I’m like to buy a wireless computer. However, it seems like when I read the reviews there’s often mention that a flashing forward LED light can cause RI interference with the GPS signal/the computer circuitry. I have an NR 600 light on my bike. So, two questions. 1) Is this interference really an issue? 2) If so, is there any computer that does not experience it? Thanks for any light you can shine on this. (Yeah, it’s a freakin’ pun )
First, going wireless is great. Wired computers are cheaper, but you’ll find wireless well worth a few extra bucks. Even better is wireless that uses GPS, since you can eliminate the wheel sensor and just have the head unit.
You are correct, lights and other electronics can sometimes cause interference with wireless computers. You ask, “is this interference really an issue?” and the answer is yes, but only maybe. Let me explain.
All electronic devices throw off and are subject to some EMF / RF interference. (This kind of already answers your #2 question, but read on to understand more). They can be built to shield from interference, but they can’t block it all, and that shielding comes with size, weight, and shape penalties. Robust shielding may also block out GPS signals and signals from speed, cadence, and HR sensors, too.
You’ll find that well-built devices (that are typically more expensive, as a result) have lower EMF / RF “leakage.” I consider Night Rider lights to be well-built.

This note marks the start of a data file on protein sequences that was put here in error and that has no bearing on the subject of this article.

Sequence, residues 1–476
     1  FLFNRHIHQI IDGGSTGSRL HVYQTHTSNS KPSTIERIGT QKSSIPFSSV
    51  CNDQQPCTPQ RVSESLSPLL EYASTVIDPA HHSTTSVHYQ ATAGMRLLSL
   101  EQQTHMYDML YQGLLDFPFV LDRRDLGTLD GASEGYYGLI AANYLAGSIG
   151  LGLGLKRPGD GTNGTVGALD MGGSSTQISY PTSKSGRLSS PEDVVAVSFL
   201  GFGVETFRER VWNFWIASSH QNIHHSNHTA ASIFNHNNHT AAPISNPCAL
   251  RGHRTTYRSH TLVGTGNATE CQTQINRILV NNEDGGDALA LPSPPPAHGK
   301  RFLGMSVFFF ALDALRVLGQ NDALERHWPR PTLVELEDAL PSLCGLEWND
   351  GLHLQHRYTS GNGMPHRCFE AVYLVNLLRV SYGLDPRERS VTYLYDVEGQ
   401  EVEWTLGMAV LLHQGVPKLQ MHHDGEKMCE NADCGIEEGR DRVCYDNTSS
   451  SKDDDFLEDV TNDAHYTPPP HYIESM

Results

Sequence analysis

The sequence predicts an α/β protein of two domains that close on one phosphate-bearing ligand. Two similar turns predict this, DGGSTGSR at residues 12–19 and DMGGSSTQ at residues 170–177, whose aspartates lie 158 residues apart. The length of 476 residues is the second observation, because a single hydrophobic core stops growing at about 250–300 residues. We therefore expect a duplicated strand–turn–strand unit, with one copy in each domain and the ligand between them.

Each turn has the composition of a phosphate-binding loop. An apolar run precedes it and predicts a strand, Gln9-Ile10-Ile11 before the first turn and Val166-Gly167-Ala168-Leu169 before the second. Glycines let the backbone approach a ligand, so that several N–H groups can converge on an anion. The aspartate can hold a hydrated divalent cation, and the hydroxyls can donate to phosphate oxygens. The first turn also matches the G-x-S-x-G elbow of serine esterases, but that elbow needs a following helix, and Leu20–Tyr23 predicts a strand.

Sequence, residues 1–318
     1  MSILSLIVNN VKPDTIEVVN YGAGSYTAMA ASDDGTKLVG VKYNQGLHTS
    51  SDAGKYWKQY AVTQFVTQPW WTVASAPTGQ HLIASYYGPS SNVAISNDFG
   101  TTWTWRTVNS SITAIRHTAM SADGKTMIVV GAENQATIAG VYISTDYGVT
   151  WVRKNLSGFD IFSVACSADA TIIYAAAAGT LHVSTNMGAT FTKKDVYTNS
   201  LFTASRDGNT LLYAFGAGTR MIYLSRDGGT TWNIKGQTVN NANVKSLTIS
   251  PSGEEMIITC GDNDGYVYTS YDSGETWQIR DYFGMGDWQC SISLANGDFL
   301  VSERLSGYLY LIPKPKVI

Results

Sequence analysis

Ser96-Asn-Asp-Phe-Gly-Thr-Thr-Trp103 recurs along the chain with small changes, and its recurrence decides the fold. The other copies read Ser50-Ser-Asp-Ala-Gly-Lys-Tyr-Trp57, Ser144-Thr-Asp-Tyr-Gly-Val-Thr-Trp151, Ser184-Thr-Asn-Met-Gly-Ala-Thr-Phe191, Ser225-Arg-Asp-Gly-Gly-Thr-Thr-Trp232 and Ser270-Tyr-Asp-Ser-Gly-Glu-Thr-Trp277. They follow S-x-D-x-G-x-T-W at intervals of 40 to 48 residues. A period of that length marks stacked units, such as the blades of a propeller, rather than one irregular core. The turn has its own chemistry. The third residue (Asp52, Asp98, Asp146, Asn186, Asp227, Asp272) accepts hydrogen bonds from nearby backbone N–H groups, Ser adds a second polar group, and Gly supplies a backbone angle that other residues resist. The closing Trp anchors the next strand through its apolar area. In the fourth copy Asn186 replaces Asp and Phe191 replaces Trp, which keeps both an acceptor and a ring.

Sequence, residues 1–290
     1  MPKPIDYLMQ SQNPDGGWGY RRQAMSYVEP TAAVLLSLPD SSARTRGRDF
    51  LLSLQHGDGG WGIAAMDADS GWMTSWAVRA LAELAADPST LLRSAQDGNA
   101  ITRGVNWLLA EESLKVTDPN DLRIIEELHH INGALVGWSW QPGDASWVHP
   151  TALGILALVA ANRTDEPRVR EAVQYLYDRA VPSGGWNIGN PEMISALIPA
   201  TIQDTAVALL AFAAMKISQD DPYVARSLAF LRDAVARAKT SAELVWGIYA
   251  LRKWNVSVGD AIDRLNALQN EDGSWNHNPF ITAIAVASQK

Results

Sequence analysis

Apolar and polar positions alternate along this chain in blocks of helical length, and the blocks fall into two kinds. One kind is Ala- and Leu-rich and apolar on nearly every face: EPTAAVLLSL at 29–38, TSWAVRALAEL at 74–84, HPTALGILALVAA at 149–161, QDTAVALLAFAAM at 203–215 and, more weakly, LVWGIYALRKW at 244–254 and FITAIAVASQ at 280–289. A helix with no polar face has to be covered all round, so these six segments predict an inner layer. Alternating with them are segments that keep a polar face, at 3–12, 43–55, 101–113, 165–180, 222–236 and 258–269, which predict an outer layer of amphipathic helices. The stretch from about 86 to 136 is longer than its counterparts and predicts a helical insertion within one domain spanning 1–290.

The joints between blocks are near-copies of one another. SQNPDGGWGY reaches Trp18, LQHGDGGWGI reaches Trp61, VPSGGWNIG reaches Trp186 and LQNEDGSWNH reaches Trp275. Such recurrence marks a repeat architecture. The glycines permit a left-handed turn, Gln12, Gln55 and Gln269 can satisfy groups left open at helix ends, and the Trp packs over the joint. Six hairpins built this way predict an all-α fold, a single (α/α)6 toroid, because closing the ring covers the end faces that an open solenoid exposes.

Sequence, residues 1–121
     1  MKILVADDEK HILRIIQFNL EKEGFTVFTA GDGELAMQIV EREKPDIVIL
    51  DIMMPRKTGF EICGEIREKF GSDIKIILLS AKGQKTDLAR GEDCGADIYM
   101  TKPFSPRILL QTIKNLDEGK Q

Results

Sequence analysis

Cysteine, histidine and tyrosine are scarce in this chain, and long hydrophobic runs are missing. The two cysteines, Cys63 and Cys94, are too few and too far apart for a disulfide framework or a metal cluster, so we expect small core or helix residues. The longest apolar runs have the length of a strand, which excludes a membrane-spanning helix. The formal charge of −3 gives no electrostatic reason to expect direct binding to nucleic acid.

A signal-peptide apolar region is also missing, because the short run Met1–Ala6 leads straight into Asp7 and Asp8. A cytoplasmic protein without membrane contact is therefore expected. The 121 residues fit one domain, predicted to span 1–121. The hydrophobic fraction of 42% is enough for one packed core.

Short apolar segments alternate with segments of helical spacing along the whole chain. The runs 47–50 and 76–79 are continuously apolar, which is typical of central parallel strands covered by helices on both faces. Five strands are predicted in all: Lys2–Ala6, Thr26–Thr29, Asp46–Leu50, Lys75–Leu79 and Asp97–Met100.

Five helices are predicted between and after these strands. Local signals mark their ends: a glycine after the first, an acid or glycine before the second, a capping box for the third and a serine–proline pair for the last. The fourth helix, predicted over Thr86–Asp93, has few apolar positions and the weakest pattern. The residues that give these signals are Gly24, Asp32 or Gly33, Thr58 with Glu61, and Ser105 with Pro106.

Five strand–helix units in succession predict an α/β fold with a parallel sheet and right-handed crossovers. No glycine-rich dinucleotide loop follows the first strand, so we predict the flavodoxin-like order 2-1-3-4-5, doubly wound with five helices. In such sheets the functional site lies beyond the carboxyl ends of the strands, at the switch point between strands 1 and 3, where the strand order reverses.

So, how or when is it an issue? It often isn’t, but it can be quite variable when it is. It can depend on the light/computer combo. It can depend on the proximity of the two. It can depend on the position of the two. It can depend on the material of your handlebars, or even the shape, which may bounce one device’s EMF / RF in such a way that it interferes with the other device.
What I’m saying is, we’ve run many light and computer combos and rarely run into interference issues. When we have, putting more space between them on the handlebars is usually the solution - a smidge more distance and maybe putting the light under the bar versus over.
To directly answer your #2 question, as far as we know there is no bike computer that wouldn’t be subject to some interference. I don’t think you should worry about it much, but if you have some doubt about how your setup will work, buy from a place, like a local bike shop, where you probably run a sample or easily return a unit that doesn’t work for you.
Best of luck!
Wow! What a thorough and on target response. Thank you, thank you, thank you.
You said, “…there is no bike computer that wouldn’t be subject to some interference.” Even given that, it seems like a number of people have claimed the Garmin line is more immune than the others. Do you think that is the case?
(Oops, overlooked your last post, so sorry for the delay in replying.)
Yes, we can suppose Garmin computers show less effects of interference. We’re comfortable with that supposition from our own use experiences, what we hear from others, and considering Garmin is a large and reputable manufacturer who can design and build their computers with consideration to inference.
We’ll reiterate, though, that: 1) it’s not a big issue in most cases, and 2) Your mileage may vary…
Both your responses have been right on target and totally helpful. Thanks!
For that you need a GPS that is in accordance with the latest positioning parameter.